Other analysts suggest that if Chinese forces are able to establish a beachhead, Taiwan should wage a guerrilla campaign that would make conquering Taiwan as painful as possible for China. Such proponents of asymmetric defense point out that Taiwan’s best hope for defeating a Chinese invasion would be to prolong the conflict and buy time for the United States to intervene on its behalf. The problem with such a strategy is that it is dependent on effective American intervention. Raymond Kuo states that “Asymmetric defense is ultimately predicated on the US military showing up,” and Michael Hunzeker admits that “Even asymmetry’s most ardent advocates accept that Taiwan’s military will struggle to hold out indefinitely without outside help.” Under America’s policy of strategic ambiguity, Taiwan cannot count on such intervention.
Given that reality, Taiwan cannot be expected to fully embrace asymmetric defense. Instead, the Taiwanese defense establishment will likely pursue a strategy that it perceives as giving them some chance of an independent victory, however slim. Given China’s overwhelming numerical and materiel advantages, it would eventually prevail in a conflict against Taiwan in which it establishes a secure beachhead. Since air and naval defenses cannot be guaranteed to prevent Chinese troops from making landfall on Taiwan, destroying Chinese beachheads will remain a Taiwanese imperative for as long as it faces the prospect of fighting a war alone. In light of the case studies above, this means Taiwan will likely attempt to maintain powerful mechanized forces as a backstop to its air, naval, and shoreline defenses.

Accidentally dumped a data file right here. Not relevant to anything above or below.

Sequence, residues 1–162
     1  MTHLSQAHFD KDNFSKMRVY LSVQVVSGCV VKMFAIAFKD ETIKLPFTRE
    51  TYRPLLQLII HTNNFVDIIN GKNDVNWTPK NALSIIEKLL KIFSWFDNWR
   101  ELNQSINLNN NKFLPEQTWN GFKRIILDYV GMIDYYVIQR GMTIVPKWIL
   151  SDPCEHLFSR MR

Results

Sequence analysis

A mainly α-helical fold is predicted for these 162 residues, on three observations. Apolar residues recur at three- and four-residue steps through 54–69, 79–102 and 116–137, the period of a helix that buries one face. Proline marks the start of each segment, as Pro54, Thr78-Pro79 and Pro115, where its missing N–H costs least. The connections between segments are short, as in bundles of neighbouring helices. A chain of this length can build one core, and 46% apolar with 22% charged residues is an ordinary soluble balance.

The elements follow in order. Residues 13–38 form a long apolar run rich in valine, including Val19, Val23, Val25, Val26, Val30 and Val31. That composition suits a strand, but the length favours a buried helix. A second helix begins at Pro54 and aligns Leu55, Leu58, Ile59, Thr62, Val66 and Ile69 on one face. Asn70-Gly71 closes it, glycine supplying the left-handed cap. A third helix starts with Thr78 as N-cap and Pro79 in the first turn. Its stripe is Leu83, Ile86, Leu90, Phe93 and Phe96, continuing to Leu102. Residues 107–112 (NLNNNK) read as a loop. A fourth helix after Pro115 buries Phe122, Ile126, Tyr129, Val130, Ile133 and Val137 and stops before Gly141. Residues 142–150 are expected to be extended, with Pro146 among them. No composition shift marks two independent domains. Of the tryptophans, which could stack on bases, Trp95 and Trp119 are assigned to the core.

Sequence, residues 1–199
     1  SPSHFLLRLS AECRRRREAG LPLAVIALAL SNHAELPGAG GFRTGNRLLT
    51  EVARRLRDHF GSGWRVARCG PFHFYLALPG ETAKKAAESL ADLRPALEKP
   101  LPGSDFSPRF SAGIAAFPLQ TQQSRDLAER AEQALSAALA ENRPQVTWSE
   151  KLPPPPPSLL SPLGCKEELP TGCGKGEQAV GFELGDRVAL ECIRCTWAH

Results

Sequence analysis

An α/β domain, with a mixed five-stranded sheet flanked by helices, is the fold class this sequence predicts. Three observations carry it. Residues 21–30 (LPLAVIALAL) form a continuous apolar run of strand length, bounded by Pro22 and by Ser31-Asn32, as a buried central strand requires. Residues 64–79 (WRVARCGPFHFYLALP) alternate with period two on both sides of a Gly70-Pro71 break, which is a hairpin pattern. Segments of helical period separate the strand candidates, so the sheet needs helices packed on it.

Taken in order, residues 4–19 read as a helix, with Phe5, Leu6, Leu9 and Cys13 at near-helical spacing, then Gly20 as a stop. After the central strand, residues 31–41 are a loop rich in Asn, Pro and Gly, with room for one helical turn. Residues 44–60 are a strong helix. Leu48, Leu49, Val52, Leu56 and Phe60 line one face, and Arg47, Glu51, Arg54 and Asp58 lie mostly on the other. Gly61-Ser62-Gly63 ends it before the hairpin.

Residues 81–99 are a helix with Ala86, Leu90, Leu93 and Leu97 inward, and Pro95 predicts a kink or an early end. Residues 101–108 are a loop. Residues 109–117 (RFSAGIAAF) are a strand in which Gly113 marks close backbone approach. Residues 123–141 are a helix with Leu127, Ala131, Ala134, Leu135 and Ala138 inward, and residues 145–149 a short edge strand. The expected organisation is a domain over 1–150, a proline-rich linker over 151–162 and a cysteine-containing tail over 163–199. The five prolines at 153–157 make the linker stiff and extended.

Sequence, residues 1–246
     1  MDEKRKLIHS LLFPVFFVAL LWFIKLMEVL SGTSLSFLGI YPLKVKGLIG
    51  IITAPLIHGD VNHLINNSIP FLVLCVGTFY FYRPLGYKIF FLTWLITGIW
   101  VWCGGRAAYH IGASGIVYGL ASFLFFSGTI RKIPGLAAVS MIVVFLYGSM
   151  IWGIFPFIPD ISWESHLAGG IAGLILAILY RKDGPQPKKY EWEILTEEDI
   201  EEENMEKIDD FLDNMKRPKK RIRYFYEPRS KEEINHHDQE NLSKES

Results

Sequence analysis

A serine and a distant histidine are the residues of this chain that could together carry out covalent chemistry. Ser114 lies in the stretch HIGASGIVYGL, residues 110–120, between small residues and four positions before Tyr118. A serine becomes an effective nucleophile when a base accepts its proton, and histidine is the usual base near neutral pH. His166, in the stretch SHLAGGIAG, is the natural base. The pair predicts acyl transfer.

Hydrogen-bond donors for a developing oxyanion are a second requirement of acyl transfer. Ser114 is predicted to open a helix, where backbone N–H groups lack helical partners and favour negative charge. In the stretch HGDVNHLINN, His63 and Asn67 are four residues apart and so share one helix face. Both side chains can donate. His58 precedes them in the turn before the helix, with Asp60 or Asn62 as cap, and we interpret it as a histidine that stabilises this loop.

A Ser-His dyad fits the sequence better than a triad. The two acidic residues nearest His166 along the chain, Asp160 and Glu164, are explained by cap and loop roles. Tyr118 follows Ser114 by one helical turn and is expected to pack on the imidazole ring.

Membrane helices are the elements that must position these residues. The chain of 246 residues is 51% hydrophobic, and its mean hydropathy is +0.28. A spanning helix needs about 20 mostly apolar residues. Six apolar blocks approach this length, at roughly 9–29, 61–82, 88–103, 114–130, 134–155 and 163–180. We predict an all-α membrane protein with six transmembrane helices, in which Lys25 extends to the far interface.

This leaves the United States with two choices. First, it could abandon strategic ambiguity and attempt to persuade the Taiwanese to adopt asymmetric defense with the promise of American intervention. This would infuriate China, however, and have political repercussions that are beyond the scope of this article. Second, it could support Taiwan in establishing the defenses required to repel a Chinese landing, or else buy time for a potential American intervention. This would involve great financial cost and could aggrieve the Chinese as much as adopting a posture of strategic clarity. If neither option is taken, however, the United States could face the choice of launching a costly counteroffensive against a nuclear-armed rival to retake Taiwan—which is a much less credible policy option than providing for Taiwan’s defense in the first place—or leaving Taiwan to its fate under a conquering China.